In March 2022, Upstream reported that the governments talks with Equinor and Shell were progressing, and that a Host Government Agreement (HGA) needed for the project to move forward could be completed by the end of May.[17]

In June 2022, the Government of Tanzania signed a framework agreement with Shell and Equinor as a precursor to the government's issuing of an HGA, expected before the end of the year, which will outline the project's technical, commercial, and legal terms. It was reported that following the signing of the HGA, the project's front-end engineering and design (FEED and pre-FEED) will be completed within three years, a FID would be taken by 2025, and a four to five construction period would follow before the project comes online by 2029–2030.[8]

Articles and resources

References

  1. 1.0 1.1 "Baker Botts Hired by the Tanzania Petroleum Development Corporation to Advise on $30 Billion LNG Project | News". Baker Botts. Retrieved 2022-06-06.
  2. Pavilion Energy. Pavilion Energy. Accessed June 2022.
  3. "MedcoEnergi Announces Completion of Acquisition of Ophir Energy plc". www.medcoenergi.com. Retrieved 2022-06-06.
  4. 4.0 4.1 Equinor Stops Tanzania LNG Project, Writes Off $982 Million, LNG Global, Jan. 29, 2021
  5. 5.0 5.1 2020 World LNG Report, page 102, International Gas Union, Apr. 27, 2020
  6. 6.0 6.1 Fumbuka Ng'wanakilala, Tanzania Expects Agreement on LNG Project Within Six Months, Bloomberg, Apr. 29, 2021
  7. 7.0 7.1 Ed Reed, Shell, Equinor call for LNG progress from Tanzania, Energy Voice, Apr. 14, 2021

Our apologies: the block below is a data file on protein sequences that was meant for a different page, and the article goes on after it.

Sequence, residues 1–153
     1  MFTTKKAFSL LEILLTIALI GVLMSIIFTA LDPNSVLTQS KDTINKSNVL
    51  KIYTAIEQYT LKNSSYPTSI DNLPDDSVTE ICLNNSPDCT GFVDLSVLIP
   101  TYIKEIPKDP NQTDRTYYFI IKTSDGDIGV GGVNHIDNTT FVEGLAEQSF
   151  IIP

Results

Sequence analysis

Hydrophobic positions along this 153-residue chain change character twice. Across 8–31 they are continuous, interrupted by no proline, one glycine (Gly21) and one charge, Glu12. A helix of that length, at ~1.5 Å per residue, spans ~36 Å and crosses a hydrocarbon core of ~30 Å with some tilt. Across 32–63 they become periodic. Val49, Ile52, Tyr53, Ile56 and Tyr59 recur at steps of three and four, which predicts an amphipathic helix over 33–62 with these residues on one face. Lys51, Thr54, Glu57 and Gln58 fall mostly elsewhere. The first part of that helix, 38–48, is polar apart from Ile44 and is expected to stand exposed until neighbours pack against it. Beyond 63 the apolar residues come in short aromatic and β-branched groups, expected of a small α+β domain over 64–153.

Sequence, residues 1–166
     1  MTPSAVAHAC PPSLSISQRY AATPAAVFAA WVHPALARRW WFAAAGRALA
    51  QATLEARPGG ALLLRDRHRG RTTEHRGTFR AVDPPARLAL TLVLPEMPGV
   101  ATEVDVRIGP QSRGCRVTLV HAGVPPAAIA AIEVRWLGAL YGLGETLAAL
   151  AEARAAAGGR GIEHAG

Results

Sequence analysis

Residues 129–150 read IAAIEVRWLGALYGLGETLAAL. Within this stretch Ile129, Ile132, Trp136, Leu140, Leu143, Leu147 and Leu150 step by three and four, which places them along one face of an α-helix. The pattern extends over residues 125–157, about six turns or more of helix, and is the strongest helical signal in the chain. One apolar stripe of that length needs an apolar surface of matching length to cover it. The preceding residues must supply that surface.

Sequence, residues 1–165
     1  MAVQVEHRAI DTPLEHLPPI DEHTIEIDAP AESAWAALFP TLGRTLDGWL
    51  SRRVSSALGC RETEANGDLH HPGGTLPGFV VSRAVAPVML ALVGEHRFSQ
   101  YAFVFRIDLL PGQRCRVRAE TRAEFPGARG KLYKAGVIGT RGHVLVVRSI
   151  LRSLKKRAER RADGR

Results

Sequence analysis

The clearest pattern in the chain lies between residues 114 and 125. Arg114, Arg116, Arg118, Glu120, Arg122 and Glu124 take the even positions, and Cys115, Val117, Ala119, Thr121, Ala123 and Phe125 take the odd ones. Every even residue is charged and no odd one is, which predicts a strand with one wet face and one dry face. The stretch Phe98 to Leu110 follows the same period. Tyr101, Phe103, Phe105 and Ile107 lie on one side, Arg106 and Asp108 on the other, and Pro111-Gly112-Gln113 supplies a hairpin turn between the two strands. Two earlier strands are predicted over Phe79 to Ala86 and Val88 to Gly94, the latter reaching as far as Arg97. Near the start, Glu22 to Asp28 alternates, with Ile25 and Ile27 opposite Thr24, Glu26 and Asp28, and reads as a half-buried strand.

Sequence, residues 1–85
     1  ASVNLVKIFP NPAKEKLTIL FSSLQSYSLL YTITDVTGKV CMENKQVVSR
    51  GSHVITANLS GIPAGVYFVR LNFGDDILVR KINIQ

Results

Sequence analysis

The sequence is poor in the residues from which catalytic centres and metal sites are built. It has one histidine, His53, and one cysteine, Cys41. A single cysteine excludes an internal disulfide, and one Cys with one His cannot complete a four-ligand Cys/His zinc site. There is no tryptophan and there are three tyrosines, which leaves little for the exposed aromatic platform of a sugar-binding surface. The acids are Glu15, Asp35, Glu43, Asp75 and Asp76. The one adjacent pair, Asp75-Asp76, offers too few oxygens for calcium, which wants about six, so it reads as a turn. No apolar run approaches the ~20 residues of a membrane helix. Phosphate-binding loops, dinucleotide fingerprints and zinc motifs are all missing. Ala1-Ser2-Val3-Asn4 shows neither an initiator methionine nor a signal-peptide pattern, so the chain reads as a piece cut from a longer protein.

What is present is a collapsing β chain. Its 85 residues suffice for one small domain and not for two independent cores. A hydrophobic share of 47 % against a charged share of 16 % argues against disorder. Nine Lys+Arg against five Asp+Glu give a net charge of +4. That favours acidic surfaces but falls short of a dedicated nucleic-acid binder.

8. 8.0 8.1 Pat Davis Szymczak, Tanzania Inks Deal With Shell, Equinor for $30-Billion LNG Terminal, Journal of Petroleum Technology, Jun. 14, 2022
  9. Tanzania explores construction of LNG plant, export terminal, The East African, 18 Sept. 2016.
  10. Tanzania says LNG project could cost up to $30 bln, CNBC Africa, 13 Nov. 2014.
  11. Land deal finalized in preparation for Tanzania LNG project, World Oil, 29 Jan. 2016.
  12. No FID to be made on Tanzania LNG project for at least five years, LNG Industry, 17 Nov. 2016.
  13. Tanzanian government eyes FEED on LNG plant 'soon', Interfax Global Energy, 1 Dec. 2016.
  14. Fumbuka Ng'wanakilala and Nuzulack Dausen, Tanzania says construction of LNG plant to start in 2022, Reuters, May 28, 2019
  15. Impairment at Tanzania LNG Project, Equinor press release, Jan. 29, 2021
  16. Ed Reed, Long haul ahead on Tanzania LNG plans, Energy Voice, May 4, 2021
  17. "'Breakthrough:' Vital agreement on $30 billion Tanzania LNG project could be wrapped up by May | Upstream Online". webcache.googleusercontent.com. Retrieved 2022-06-06.